Save the red telephone box
When you think about British icons, what comes to mind? Maybe red double-decker buses, perhaps Big Ben, possibly the city gent in a bowler hat.
But for many, it will be the iconic red telephone box.
And they are now an endangered species. In their heyday, there were over 92,000 scattered throughout the UK. In cities they were in rows, in the countryside there’d maybe be one per village.
Today, there are fewer than 10,00 still left. What a shame. Ironically, when they were introduced in the 1930s, some people were outraged at the idea of having blazes of red in the lovely English landscape.
Now they are a symbol of days gone by – of days before the cellphone.
Because of course, we all have phones in our pockets these days. What possible use are telephone boxes? For some of the rural boxes today, it’snot unusual for them to average one use per month.
Because they have to be maintained, and because that one monthly call probably cost just a few pennies,they are not viable any longer. But what a shame it would be if the disappeared.
Of course, they are in demand as decor items. Here in Florida they adorn the asphalt parking lots of many ‘British pubs’. But at about $4000 each (and that’s without the shipping costs to the States) they’re not a luxury we can all afford.
And should they really be shipped overseas? It’s all very well sending them the to States where Americans can sit inside a bar that has been made into a ‘British pub’ by the simple addition of a British name, a Union Jack and a few reproduction horsebrasses – eating ‘traditional British food’ and drinking Guinness – but shouldn’t these telephone boxes stay at home?
When British Telecom decided to cull the boxes, thousands were removed and now many sit unloved and rotting in storage facilities. Some enterprising companies have set themselves usas restorers and charge the earth. But in many villages, there was an outcry. After all, they are picturesque,lovely and part of our heritage.
Forget the fact that in cities (in Yorkshire anyway) they often had an aroma of a public urinal. That’s the fault of BT for putting them directly outside pubs. In some country villages, the residents would look after the boxes and give them the occasional spit and polish. But luckily, BT responded to the outcry.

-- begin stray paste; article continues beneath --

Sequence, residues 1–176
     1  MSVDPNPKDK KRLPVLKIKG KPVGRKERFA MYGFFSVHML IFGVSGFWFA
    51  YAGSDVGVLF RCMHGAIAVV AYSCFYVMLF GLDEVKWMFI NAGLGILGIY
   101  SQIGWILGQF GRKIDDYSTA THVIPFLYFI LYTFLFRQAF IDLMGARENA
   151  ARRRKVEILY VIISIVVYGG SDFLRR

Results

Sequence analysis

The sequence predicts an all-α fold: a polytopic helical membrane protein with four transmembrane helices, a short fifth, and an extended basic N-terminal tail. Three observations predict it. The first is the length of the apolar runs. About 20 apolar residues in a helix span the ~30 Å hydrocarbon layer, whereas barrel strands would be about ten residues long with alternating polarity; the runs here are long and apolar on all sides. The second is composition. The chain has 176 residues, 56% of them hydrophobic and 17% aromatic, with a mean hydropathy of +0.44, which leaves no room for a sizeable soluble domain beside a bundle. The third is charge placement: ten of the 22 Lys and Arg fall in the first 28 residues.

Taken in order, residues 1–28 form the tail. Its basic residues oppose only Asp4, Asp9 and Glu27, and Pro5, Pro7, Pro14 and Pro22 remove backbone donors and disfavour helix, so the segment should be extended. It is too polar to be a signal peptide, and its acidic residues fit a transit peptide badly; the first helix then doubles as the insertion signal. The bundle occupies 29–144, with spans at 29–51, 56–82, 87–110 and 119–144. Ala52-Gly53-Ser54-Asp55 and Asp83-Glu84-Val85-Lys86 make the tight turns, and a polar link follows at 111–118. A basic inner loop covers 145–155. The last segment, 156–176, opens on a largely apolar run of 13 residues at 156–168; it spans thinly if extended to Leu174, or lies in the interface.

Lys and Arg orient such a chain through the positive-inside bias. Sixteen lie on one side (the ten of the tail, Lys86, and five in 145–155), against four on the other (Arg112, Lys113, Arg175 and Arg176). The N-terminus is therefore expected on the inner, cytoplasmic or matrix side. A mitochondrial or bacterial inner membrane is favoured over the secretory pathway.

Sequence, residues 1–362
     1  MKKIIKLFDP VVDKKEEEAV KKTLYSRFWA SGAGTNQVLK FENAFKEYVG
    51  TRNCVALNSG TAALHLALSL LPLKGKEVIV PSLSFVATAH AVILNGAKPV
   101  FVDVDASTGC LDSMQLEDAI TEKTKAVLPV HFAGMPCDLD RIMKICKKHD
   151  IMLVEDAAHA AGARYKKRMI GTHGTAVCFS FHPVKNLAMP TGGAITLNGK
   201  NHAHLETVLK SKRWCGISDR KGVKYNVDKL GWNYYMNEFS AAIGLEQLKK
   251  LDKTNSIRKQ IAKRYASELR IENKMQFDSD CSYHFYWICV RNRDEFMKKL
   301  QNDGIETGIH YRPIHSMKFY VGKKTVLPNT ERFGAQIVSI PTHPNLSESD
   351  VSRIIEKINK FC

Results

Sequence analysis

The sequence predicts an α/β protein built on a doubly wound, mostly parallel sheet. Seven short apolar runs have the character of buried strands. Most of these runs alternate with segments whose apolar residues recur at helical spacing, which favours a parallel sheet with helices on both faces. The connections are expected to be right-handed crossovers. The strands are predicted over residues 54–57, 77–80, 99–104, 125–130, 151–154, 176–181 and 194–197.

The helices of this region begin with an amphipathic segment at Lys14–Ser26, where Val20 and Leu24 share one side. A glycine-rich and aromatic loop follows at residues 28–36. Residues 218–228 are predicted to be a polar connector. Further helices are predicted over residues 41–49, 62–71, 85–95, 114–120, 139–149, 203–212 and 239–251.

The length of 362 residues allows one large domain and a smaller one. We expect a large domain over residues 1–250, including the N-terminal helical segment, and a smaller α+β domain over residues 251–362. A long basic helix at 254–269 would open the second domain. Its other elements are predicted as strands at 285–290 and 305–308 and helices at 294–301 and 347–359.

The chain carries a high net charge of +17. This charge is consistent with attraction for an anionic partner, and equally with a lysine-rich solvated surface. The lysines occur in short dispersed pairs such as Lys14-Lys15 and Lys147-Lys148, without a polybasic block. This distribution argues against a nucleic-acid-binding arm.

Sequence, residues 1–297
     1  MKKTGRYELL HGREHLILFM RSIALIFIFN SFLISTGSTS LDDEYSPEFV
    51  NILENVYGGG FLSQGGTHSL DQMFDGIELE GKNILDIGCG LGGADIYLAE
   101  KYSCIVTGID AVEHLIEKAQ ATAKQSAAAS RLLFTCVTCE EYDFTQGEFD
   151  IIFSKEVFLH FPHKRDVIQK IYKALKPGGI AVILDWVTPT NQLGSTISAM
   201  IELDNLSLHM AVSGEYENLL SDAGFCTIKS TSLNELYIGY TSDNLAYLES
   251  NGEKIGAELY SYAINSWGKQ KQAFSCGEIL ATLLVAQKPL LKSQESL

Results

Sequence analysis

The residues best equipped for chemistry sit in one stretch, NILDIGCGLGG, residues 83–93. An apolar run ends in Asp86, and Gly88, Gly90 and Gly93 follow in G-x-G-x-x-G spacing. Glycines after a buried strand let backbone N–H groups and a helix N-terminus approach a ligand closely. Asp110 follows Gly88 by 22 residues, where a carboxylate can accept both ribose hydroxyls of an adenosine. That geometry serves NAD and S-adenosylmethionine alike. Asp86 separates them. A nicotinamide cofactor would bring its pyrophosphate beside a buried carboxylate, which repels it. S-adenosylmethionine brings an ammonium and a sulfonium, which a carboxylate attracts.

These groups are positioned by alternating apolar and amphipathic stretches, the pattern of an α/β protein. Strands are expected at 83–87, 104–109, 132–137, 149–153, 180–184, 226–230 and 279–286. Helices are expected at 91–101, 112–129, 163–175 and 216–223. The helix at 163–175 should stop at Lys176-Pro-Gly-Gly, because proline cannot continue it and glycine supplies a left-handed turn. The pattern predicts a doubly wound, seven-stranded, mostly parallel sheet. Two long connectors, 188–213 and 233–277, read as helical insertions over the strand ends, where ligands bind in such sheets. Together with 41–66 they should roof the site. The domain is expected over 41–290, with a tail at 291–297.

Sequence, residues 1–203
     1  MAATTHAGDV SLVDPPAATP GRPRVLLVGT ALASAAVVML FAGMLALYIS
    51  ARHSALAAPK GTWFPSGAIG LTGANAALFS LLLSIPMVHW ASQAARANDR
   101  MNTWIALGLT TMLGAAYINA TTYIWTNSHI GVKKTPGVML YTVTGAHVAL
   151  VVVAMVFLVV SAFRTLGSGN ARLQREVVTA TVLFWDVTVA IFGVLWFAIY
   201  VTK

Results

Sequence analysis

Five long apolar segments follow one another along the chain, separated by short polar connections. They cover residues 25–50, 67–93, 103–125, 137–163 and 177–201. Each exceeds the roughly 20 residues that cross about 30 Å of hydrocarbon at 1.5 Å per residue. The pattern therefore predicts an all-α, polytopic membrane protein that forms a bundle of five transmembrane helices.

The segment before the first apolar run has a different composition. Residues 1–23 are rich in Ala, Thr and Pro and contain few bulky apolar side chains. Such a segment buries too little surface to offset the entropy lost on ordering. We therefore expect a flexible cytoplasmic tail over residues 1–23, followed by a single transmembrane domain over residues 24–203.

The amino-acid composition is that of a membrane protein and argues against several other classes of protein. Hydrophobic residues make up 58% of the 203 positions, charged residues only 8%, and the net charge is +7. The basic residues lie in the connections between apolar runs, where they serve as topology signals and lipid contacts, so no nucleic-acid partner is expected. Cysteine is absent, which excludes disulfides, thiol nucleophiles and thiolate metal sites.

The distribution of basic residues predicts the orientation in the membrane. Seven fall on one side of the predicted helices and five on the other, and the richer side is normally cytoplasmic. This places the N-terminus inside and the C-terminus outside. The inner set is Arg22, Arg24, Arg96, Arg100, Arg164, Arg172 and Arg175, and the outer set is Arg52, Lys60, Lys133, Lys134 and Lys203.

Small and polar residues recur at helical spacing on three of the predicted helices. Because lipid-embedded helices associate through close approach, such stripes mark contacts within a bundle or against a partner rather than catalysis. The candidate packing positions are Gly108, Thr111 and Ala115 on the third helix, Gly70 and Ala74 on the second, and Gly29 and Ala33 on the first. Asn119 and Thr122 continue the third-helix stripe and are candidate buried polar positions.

They developed an Adopt-A Kiosk scheme which allowed local councils to buy the boxes for just £1 (minus the telephone equipment) and use them for community purposes. Reaction was swift. One village in Yorkshire used their local boxwhen their village store (another endangered species) closed town.In conjunction with a grocery store in nearby Skipton, the developed a scheme where villagers could call their grocery orders in and they were then delivered to and housed in the telephone box for later collection. Of the eighty or so homes in the village, thirty have their newspapers delivered to the box. They also use it to display community notices and information.
The village of Marton cum Grafton bought their telephone box and made it into the book exchange. Local library services are dwindling away to nothing and so the phone box was fitted with shelves and people drop off books they have finished with and pick up new ones. There is no formal supervision – that’s not needed in small Yorkshire villages, after all.
In the small town of Settle, the locals used their phone box to create the world’s smallest art gallery. It’s been open since 2009 and there is a waiting list of artists and photographers wanting to exhibit there.
Save the red telephone box!
I do find it amusing that there are several cases you can buy for your phone in the design of the traditional English telephone box. Here are some examples: